Interleukin-22 (IL-22) is a member of the IL-10 cytokine family, is induced by many different environmental and endogenous signals,1 and is produced by adaptive and innate immune cells, including innate lymphoid cells (ILCs).2 IL-22 binds to receptors on the epithelial cells of the intestinal border, making IL-22 an important mediator between immune and epithelial systems.3 IL-22 has both protective and inflammatory properties, depending on context, and the role of IL-22 in GvHD is not fully understood, and may be dependent on multiple factors.4
In the gastrointestinal tract, IL-22 works at the epithelial border to promote tissue repair and healing through three mechanisms: induction of MUC proteins and increased mucous production in the epithelial border, increased cell proliferation and survival, and increased expression of antimicrobial proteins in the intestinal border, such as reg3α.53 Previous studies have shown that IL-22 is critical for the wound healing response, as deficiency has been associated with higher susceptibility to dextran sulfate sodium (DSS)-induced colitis in mice.6 However, IL-22 also has pro-inflammatory properties with increased levels leading to inflammation and hyper-proliferation of cells resulting in negative effects on tissues.7
In murine transplant models, IL-22 produced from recipient-derived ILCs leads to improved epithelial recovery and IL-22 deficient transplant recipients have increased GvHD mortality and greater loss of intestinal stem cells (ISCs) during GvHD.8 IL-22 administered to mice after allogeneic HSCT led to a decrease in GvHD pathology in the small intestine, large intestine, and liver as well as decreased intestinal crypt apoptosis in both small and large intestine.9 Moreover, ISC recovery and donor marrow-derived T-cell development were improved in mice that received IL-22 following HSCT compared to those who did not receive IL- 22.9 In contrast, IL-22 produced by donor-derived CD4 T cells led to worsened GI pathology and increase in GI GvHD incidence.8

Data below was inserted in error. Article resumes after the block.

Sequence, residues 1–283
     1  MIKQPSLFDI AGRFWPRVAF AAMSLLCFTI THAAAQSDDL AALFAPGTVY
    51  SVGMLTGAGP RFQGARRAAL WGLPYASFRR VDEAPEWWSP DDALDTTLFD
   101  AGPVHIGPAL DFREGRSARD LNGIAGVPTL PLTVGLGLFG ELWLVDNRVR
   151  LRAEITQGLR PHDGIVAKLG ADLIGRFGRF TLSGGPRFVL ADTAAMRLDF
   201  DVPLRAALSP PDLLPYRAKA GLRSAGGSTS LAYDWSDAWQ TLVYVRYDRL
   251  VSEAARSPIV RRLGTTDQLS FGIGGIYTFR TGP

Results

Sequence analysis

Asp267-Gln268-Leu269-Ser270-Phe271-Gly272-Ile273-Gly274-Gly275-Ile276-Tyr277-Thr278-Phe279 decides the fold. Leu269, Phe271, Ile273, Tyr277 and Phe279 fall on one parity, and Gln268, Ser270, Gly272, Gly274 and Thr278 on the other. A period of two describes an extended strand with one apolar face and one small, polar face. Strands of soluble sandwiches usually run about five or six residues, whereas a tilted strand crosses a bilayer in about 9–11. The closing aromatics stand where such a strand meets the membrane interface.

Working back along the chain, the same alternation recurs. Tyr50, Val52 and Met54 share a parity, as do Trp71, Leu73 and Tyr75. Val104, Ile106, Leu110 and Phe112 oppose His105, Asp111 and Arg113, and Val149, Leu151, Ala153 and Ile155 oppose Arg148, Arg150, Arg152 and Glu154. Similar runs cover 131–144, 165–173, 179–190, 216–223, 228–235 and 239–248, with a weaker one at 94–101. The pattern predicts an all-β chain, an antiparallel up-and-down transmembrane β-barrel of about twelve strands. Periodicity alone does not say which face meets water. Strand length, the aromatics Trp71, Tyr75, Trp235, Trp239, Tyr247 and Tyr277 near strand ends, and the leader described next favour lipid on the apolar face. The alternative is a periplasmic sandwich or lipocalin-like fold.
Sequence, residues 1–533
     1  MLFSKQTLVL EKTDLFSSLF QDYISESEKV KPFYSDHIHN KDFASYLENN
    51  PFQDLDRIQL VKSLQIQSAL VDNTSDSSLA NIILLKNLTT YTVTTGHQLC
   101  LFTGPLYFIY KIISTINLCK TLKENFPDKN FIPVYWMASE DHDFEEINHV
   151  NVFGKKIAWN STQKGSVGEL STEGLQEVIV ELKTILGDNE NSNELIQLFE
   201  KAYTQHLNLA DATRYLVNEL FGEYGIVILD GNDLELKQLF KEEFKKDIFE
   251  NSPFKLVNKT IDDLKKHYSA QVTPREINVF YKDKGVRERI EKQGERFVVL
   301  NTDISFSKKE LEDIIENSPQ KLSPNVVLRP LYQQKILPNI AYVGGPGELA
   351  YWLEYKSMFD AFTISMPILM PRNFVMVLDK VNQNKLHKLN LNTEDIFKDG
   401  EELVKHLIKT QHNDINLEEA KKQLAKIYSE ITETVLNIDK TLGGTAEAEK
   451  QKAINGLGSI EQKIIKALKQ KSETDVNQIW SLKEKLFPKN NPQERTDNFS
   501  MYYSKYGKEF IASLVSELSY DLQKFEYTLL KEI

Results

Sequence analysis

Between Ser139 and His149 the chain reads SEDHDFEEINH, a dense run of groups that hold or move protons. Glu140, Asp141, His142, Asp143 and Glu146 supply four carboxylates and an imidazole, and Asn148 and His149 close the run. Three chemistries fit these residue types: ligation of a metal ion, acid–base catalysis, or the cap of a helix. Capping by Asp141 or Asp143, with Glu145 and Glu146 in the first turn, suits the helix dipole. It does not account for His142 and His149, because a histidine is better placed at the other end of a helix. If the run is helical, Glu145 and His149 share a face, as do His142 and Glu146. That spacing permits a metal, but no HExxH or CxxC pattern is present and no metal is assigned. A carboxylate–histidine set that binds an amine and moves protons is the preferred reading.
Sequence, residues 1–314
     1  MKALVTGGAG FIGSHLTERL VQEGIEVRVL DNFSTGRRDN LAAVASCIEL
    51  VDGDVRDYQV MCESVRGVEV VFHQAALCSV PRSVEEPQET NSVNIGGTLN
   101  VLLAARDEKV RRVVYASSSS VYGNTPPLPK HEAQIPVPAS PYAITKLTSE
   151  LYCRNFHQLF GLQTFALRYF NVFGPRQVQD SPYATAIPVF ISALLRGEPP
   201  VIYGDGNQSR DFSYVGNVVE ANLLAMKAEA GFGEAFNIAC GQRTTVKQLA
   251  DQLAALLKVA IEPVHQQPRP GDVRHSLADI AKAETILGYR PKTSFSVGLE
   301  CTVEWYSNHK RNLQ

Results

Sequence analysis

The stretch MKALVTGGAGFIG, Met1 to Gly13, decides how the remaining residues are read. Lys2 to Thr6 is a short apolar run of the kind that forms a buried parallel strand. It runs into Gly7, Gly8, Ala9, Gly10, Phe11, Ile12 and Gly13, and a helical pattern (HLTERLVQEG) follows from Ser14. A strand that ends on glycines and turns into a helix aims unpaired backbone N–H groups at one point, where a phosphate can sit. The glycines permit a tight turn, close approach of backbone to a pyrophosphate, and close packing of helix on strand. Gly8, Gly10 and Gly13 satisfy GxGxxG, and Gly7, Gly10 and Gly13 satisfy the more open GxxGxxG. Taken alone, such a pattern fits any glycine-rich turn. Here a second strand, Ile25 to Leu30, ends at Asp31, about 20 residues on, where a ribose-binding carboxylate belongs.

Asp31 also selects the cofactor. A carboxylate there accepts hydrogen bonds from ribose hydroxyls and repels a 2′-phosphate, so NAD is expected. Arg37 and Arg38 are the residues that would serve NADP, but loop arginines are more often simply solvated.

Our study aimed at determining the role of circulating IL-22 levels in GvHD in children undergoing hematopoietic stem cell transplant since most of the previous work has been performed in mouse transplant models. We hypothesized that IL-22 levels would be elevated in patients with GI GvHD, and the IL-22 would be of recipient origin, promoting healing and reducing mortality. We tested this hypothesis in a cohort study of children receiving allogeneic HSCT and show that IL-22 levels are elevated in GI GvHD and elevated levels are likely of recipient origin. Children were enrolled in a prospective cohort study, the Cincinnati Children’s Hospital Medical Center BMT repository. Prospective weekly blood, stool, and urine samples are collected for biological studies of complications of transplantation from all consented cases. The institutional review board approved the study. One hundred and fourteen patients were included in the current analysis (Table 1). Clinical data were abstracted from the institutional transplant database and from the medical record. The treating physician diagnosed acute GI GvHD and supported this diagnosis with tissue biopsies whenever applicable and graded it according to the modified Glucksberg criteria.10
IL-22, IL-22 binding protein (IL-22BP), Reg3α, and IL-17 levels were measured in patient plasma at day 30 post-transplant using ELISA kits (R&D Systems and Cloud Clone) as directed by manufacturer instructions.
To assess the cellular source of IL-22 production, cryopreserved peripheral blood mononuclear cells from day +30 post-transplant were thawed and incubated with Phorbol 12 Myristate 13 Acetate (PMA); SIGMA, Saint Louis, USA), ionomycin (SIGMA, Saint Louis, USA) and Brefeldin A (SIGMA, Saint Louis, USA) for 6 h at 37°C and 5% CO2. Cells were stained against CD3 (Biolegend, San Diego, CA) and CD8 (BD Biosciences, San Jose CA), washed followed by permeabilization and fixation using the commercially available Cytofix/Cytoperm kit (BD Biosciences San Jose, CA, USA) according to the manufacturer’s protocol and then stained against IL-22 (Biolegend, San Diego CA, USA). Sample acquisition was done on a FACS Canto II flow cytometer (BD Biosciences, San Jose, CA) and analyzed using FSC express version 5.0 (De Novo Software, Glendale, CA, USA).
Continuous data are summarized as median (range). Overall Survival and cumulative incidence were estimated using Kaplan-Meier; differences in above and below the median were assessed using the log-rank test and Gray’s method of competing risks, where death and relapse were treated as competing events, respectively. Correlation was reported and tested as Spearman’s rank-order correlation. Significance was assessed at the 0.05 level. All computations were done in R (version 3.2.4, Vienna, Austria).